Columbus Day or Indigenous People's Day? Federal Holiday Gets Renewed Debate
Debate reignited Monday over the federal holiday of Columbus Day, with many Native Americans and their allies insisting it should be referred to as Indigenous People's Day.
Opponents of Columbus Day cite Christopher Columbus' history of bringing disease and devastation to native communities in the Americas, while also taking slaves.
Supporters of the holiday credit him with spearheading exploration to the New World and insist that the holiday is also important for Italian heritage.
“The voyage was a remarkable and then-unparalleled feat that helped launch the age of exploration and discovery,” President Donald Trump stated in a proclamation from the White House. The proclamation later continued: “Therefore, on Columbus Day, we honor the skilled navigator and man of faith, whose courageous feat brought together continents and has inspired countless others to pursue their dreams and convictions — even in the face of extreme doubt and tremendous adversity.”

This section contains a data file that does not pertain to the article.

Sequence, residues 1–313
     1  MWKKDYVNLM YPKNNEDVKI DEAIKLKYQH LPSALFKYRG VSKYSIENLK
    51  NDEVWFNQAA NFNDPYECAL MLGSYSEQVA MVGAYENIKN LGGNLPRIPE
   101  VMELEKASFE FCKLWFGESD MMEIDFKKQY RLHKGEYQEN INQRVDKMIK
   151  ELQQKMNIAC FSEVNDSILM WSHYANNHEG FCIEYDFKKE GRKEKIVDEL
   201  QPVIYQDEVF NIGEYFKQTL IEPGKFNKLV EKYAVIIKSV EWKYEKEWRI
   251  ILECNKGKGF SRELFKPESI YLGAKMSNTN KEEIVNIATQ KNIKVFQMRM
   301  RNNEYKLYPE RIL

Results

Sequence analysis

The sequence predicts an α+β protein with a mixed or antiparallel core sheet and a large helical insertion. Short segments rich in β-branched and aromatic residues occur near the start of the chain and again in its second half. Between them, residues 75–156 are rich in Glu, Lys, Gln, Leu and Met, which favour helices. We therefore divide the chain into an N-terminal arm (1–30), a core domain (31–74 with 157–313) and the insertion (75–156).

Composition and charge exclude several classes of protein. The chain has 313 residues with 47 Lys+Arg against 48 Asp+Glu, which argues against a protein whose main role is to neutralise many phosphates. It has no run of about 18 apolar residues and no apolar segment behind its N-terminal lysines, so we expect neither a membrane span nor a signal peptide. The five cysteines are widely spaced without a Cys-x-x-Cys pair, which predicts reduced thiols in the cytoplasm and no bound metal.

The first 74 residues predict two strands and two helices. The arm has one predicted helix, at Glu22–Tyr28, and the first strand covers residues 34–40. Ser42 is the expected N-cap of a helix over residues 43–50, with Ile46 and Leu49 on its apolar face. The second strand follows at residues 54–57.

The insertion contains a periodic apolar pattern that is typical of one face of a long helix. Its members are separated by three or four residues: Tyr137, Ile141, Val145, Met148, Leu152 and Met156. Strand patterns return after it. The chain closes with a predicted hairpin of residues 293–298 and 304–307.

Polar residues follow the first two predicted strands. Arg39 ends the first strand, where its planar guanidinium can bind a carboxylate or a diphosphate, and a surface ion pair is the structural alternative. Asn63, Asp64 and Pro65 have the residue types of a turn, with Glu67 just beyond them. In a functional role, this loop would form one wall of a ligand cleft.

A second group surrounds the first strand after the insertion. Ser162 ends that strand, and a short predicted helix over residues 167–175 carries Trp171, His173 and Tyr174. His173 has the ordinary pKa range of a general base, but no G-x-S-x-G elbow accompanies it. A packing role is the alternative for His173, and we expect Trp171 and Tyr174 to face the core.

Trump's proclamation made no mention of Native Americans, in contrast to the one issued by former President Barack Obama last year. “As we mark this rich history, we must also acknowledge the pain and suffering reflected in the stories of Native Americans who had long resided on this land prior to the arrival of European newcomers,” Obama wrote in his 2016 proclamation of Columbus Day. “The past we share is marked by too many broken promises, as well as violence, deprivation, and disease. It is a history that we must recognize as we seek to build a brighter future — side by side and with cooperation and mutual respect.”
As protests took place across the country, many cities and states have already made the move to change the name of the holiday to "Indigenous People's Day.” Minnesota, Vermont, and Alaska all celebrate “Indigenous People’s Day,” and South Dakota celebrates “Native American Day.”